Martinez et al. went so far as to run radio ads pushing the driver's license repeal -- ads paid for in a questionable manner, with leftover campaign funds from her gubernatorial run. Although fellow right-winger Dianna Duran, in her role as Secretary of State, ruled the use of campaign funds was just fine and dandy, many folks with knowledge of the state law disagreed. Somos Un Pueblo United, which had filed a complaint about the funding with both the SOS, the Attorney General and the Santa Fe District Attorney, was one of them. Non-partisan good government group Common Cause was another. You can read about that here. Just this week, the Democratic Party of New Mexico began running their own radio ad calling out Martinez on her politicization of this issue.
The "Voter Fraud" Twist
In addition, late in the session, Dianne Duran announced that she was comparing driver's license lists and voter rolls, and claimed she had already found examples of possible voter fraud by undocumented immigrants. Nothing to back up that claim, of course, but it served to once again call attention to the immigrant wedge issue and another right-wing favorite, "voter fraud." That prompted the ACLU NM to file a massive document request so they can investigate what's really going on related to Duran's claims. And on Friday, the Bernalillo County Clerk's office filed a similar document request. Many are questioning the validity of Duran's comparison method, and she's getting lots of flack about making claims to the public that haven't been sufficiently documented. We'll see what she produces in response to the document requests.
GOP Plan: Spew, Divide and Conquer
One of the primary goals of the Martinez-Duran juggernaut on these issues clearly is the creation of an emotional and divisive wedge issue that can be used by campaign operatives against Dems in the 2012 election. Susana had staffers -- paid for by tax-payer dollars -- crowded into the press gallery videoing the floor debates with a laser-beam focus on capturing statements that could be used in future right-wing TV and radio ads. Just another example of Martinez's eternal politics-before-people campaign. Such tactics have long been a major part of the Republican playbook -- spew negative rhetoric to distract the people with shiny wedge issues while stealing them blind and obstructing every measure meant to actually fix the problems we face.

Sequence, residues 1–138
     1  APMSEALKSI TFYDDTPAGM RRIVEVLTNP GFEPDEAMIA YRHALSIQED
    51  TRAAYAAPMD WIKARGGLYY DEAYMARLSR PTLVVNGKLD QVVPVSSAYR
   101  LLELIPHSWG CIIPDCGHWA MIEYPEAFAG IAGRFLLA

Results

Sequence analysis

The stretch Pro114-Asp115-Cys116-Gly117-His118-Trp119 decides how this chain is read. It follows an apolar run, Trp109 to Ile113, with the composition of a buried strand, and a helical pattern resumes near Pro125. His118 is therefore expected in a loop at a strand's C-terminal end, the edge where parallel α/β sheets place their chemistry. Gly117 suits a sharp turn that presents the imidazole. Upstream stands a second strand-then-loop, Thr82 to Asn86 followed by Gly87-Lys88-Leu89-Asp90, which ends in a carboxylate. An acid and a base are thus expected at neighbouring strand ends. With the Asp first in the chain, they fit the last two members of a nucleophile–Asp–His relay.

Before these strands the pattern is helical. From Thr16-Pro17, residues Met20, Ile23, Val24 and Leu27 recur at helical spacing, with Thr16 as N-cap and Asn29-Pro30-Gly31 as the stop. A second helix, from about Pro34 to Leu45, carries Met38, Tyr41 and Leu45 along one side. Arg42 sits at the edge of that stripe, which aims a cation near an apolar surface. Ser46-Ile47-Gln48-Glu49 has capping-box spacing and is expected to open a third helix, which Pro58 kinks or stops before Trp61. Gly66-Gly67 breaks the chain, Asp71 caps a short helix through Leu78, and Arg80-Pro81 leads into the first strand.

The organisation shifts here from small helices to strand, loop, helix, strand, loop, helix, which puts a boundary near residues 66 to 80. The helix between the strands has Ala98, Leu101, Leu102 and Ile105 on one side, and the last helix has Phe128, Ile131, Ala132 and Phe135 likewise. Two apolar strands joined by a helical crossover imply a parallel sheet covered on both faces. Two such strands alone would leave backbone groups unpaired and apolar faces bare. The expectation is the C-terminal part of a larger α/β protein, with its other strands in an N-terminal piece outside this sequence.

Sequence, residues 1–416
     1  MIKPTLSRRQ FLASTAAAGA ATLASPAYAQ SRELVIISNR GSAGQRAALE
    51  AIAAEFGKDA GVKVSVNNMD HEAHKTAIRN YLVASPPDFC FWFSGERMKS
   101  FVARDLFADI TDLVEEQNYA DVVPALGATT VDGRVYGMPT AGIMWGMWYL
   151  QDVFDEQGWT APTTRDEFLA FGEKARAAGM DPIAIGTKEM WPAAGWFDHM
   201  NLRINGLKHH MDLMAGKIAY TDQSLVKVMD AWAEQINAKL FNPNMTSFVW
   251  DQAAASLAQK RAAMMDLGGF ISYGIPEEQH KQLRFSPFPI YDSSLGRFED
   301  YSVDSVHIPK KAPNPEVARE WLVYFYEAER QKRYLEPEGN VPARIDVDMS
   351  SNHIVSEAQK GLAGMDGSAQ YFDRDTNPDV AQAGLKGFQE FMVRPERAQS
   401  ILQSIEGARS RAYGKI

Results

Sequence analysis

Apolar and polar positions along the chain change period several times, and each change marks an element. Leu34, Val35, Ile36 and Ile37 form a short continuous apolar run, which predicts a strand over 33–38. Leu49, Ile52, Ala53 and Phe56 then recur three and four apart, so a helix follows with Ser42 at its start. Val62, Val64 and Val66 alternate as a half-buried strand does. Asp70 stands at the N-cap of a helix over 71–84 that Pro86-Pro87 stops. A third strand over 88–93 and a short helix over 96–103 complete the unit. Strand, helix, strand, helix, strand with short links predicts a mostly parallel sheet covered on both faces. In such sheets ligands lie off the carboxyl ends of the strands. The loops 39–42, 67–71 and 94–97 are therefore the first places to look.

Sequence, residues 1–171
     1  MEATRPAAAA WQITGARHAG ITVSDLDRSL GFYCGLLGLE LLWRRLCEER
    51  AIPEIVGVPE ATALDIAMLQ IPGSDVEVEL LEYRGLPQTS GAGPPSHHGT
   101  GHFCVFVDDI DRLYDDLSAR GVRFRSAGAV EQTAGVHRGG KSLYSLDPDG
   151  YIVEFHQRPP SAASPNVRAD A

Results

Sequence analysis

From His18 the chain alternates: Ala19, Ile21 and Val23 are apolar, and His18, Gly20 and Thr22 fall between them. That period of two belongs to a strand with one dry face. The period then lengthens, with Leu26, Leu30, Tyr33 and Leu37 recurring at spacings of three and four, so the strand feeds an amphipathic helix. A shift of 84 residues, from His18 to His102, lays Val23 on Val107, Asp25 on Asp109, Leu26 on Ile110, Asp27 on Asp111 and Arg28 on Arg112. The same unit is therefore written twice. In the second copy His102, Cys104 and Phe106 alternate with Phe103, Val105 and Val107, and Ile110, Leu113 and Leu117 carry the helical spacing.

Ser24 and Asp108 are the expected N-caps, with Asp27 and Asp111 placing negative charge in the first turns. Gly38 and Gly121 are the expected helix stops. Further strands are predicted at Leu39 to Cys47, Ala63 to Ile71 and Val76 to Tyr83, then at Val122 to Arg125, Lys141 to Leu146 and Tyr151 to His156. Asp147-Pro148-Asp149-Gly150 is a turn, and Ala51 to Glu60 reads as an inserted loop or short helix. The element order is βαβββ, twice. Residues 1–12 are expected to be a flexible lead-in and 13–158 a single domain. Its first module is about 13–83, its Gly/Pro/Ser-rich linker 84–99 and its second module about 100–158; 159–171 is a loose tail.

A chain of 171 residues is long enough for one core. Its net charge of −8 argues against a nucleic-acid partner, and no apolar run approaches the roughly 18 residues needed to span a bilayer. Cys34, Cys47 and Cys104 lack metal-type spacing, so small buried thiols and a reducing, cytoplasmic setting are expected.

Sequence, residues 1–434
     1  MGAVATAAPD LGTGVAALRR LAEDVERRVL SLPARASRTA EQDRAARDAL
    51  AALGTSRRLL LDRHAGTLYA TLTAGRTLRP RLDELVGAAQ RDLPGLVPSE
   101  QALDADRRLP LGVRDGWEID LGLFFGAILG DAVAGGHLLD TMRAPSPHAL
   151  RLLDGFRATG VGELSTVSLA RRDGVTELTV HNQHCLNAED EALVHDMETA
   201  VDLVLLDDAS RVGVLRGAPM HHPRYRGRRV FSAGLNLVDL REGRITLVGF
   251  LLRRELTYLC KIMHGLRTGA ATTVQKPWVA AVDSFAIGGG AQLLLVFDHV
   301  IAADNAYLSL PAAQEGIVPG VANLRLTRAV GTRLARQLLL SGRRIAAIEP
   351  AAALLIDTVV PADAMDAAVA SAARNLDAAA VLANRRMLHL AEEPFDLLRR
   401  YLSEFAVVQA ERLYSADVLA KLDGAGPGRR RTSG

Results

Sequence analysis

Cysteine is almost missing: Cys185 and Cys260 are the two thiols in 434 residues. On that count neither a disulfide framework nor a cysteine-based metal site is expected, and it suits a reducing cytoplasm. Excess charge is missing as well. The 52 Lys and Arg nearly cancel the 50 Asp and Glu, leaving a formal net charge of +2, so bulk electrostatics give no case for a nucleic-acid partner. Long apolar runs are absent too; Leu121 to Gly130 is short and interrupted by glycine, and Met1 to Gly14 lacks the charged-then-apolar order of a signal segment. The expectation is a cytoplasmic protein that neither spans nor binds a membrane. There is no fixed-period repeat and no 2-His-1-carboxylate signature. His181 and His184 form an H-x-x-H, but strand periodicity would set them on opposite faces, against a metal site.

When folks look back at this 60-day legislative session, I think it may well be viewed as one of the most shameful, expediently political and nasty displays by a governor and GOP lawmakers of conduct unbecoming members of government. It was like having Karl Rove in the Roundhouse 24-7, creating gotcha moments -- while the unemployment rate in our state rose even higher and the critical issues of jobs and the economy got the short end of the stick. This isn't governing. It's grandstanding. And it should be judged as unacceptable to every New Mexican who cares about the future of our state.
We can disagree on politics -- but we should never allow anyone to undermine the unity in diversity that makes New Mexico such a special place for all of us. We can never let any right-wing politico make us into another Arizona or Texas, full of bigotry and scapegoating.
In 2004 Bush's justice department found, in a big push, 86 cases cases of voter fraud in all 50 states. David Iglesius refused to prosecute BS cases and he was replaced, remember. As an issue, voter fraud is a lie. People who field this as an issue are liars.
Posted by: Paul Eichhorn | Mar 20, 2011 7:11:39 AM